T.L. Thompson and Brittany Adebumola in 4400
When writer-producer Ariana Jackson (UnREAL, Riverdale) got a call last year about developing a reboot of The 4400, the sci-fi series that ran on the USA Network for four seasons, she balked.
Covid was intensifying, and she had her hands full with a job, two kids and a family situation.
But Jackson, who grew up watching sci-fi with her dad, loved the original show, which begins when 4,400 people who'd vanished over a span of decades reappear with special powers and no memory of what happened. And when CBS Studios said they wanted to tell The 4400 through a Black lens, Jackson found it hard to say no.
"I couldn't stop thinking about it," says Jackson, who became an executive producer and coshowrunner of the new series, 4400, debuting October 25 on The CW. "I loved the idea of speaking to the Black American experience through this lens of history, time travel and powers. I had to do it."
As in the original, the 4,400 who return (this time, to present-day Detroit) are from various points in time, allowing 4400 to examine history and Black identity through myriad perspectives. Brittany Adebumola plays a lawyer from the early aughts; T.L. Thompson portrays a World War I army surgeon fresh from the Harlem Renaissance; Jaye Ladymore plays a figure from the Mississippi civil rights movement; Khailah Johnson is a misunderstood reality TV star.
"They are seeing how other people are used to being in the world, what they were allowed to be," Jackson explains, "They're learning from each other."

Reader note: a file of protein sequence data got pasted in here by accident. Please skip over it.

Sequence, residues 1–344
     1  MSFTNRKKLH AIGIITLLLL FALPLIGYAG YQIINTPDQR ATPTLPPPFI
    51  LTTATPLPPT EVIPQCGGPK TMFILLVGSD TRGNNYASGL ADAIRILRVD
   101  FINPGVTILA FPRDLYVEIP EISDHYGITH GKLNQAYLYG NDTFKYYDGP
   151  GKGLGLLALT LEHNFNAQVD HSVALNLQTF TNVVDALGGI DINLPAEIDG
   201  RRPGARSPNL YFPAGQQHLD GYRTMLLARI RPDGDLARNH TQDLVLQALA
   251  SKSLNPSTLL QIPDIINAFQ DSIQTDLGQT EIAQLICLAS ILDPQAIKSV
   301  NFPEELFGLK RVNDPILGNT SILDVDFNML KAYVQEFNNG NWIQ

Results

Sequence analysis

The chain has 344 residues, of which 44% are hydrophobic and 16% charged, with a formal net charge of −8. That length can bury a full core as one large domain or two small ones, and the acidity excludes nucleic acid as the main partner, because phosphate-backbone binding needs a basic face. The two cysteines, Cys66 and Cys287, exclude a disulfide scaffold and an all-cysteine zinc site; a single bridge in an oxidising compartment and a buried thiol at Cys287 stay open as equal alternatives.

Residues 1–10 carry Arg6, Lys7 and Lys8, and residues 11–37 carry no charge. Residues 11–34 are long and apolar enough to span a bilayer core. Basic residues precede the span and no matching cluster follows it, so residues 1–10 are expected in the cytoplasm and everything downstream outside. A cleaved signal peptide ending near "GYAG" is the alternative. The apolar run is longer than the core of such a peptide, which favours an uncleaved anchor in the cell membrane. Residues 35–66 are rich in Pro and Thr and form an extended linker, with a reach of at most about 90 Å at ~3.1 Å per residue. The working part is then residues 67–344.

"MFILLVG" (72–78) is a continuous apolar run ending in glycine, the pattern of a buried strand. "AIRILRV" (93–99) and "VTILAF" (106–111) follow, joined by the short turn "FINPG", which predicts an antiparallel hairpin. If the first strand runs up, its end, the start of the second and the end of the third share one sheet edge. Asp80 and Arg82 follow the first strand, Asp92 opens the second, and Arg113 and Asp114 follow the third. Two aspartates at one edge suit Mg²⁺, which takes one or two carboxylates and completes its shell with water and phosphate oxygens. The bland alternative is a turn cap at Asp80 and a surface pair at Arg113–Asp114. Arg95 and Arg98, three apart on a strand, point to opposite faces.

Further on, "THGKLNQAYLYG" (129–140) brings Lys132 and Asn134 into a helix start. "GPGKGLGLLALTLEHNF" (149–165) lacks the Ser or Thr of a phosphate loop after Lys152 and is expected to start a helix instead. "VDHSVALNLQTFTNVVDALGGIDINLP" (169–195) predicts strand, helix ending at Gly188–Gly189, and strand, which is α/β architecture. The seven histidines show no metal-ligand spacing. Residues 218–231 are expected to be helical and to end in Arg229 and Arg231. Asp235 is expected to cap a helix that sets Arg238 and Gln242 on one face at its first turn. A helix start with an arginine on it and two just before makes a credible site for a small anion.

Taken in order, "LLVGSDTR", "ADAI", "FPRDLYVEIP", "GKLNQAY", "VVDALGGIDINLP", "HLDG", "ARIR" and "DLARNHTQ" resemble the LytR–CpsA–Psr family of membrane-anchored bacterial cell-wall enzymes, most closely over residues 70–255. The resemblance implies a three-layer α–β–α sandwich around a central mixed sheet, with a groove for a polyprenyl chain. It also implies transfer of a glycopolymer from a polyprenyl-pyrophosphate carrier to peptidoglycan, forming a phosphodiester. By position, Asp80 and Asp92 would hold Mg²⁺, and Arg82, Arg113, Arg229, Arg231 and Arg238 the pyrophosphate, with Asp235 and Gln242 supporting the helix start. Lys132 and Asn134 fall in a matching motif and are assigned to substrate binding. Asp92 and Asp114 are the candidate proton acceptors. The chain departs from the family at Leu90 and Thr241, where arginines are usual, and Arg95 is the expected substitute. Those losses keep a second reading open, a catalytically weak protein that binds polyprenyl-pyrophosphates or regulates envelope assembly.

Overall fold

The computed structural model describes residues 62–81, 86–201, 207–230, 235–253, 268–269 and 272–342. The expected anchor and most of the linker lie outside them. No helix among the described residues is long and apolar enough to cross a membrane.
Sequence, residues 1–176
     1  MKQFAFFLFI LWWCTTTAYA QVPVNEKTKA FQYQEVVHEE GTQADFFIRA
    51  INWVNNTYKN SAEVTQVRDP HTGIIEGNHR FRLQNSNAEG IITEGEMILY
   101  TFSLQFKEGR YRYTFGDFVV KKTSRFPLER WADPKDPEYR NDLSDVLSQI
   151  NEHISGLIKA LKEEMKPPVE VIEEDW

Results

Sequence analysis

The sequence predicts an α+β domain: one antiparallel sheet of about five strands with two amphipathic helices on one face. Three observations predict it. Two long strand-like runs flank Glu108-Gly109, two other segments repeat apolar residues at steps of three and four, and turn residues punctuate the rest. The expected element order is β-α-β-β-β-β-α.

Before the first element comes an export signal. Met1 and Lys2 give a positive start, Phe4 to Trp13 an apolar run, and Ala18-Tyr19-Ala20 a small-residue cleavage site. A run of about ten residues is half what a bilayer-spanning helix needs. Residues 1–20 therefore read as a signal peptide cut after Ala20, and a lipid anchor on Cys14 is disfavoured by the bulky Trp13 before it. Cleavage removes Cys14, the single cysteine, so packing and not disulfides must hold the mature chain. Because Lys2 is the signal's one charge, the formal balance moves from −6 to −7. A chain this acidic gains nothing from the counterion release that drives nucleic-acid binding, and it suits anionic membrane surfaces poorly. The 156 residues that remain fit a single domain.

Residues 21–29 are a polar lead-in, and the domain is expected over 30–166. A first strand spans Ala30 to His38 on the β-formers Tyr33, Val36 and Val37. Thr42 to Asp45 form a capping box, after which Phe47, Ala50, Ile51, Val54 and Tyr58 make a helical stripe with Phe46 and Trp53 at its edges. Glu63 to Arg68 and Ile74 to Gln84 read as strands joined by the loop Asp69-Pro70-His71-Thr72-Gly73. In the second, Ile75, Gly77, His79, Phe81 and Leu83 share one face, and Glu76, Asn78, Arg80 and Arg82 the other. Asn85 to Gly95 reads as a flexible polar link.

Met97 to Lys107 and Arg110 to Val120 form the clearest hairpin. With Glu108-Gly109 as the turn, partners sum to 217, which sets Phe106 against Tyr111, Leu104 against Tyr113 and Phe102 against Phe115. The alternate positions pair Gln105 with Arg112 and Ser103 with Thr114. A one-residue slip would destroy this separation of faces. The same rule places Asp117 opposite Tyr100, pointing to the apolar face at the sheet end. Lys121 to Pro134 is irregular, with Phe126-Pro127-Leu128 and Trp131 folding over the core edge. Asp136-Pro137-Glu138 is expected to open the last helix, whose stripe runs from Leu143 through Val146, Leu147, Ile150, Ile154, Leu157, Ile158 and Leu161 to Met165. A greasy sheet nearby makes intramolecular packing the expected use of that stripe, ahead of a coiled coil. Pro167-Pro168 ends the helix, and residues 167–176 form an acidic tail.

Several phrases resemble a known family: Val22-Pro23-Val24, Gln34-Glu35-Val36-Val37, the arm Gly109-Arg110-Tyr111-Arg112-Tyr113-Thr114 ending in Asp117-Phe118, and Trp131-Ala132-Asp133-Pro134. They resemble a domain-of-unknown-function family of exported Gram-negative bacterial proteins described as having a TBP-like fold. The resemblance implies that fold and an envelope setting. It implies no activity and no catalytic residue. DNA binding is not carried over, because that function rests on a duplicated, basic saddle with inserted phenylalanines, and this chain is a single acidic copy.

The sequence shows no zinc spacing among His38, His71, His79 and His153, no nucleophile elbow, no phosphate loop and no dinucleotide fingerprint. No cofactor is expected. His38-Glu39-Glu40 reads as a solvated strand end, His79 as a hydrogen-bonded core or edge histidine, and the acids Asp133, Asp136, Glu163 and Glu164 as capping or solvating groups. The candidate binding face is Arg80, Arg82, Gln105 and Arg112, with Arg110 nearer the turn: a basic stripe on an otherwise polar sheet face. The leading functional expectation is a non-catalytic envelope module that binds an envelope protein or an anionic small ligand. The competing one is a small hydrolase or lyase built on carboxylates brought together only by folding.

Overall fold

Like HBO's Watchmen and Lovecraft Country — which raised awareness of the Tulsa Race Massacre of 1921 — 4400 is revisiting history that's been ignored. "One of the big things we talk about is time, and how the more things change, the more they stay the same. We're a country that refuses to reckon with our white supremacist origins; we keep doing the same things over and over again. [Here] we're showcasing history as it was, as opposed to history how it has been told to us."
The show explores the LGBTQ+ influence on the Harlem Renaissance, which Jackson acknowledges has been deemphasized, even in Black history curricula.
"It was important to show the queerness of the Harlem Renaissance — how those spaces have been around for a long time." Suffice it to say, Jackson is happy she said yes. And the timing couldn't have been better. Not only did the protests of 2020 increase the demand for Black stories, but the enthusiastic responses to Watchmen and Lovecraft Country demonstrated a real hunger for Black voices in sci-fi, which has traditionally lacked diversity.
"Sci-fi is about possibilities," Jackson says. "And for so long, not seeing Black and brown faces in sci-fi [sent] a message that there is no possibility for people who look like you. One of the exciting things about our show is hearing Black people with powers — people who have agency and the ability to shape their own future and the world — say, 'The future can look different. The future can break the cycle, and the future can be full of hope. For everybody.'"
This article originally appeared in emmy magazine, Issue No. 10, 2021